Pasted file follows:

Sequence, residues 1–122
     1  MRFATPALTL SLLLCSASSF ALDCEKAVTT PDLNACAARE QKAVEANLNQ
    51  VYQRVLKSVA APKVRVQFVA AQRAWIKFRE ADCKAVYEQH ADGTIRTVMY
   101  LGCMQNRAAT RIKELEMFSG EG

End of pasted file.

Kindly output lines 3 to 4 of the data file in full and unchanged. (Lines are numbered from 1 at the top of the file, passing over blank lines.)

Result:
    51  VYQRVLKSVA APKVRVQFVA AQRAWIKFRE ADCKAVYEQH ADGTIRTVMY
   101  LGCMQNRAAT RIKELEMFSG EG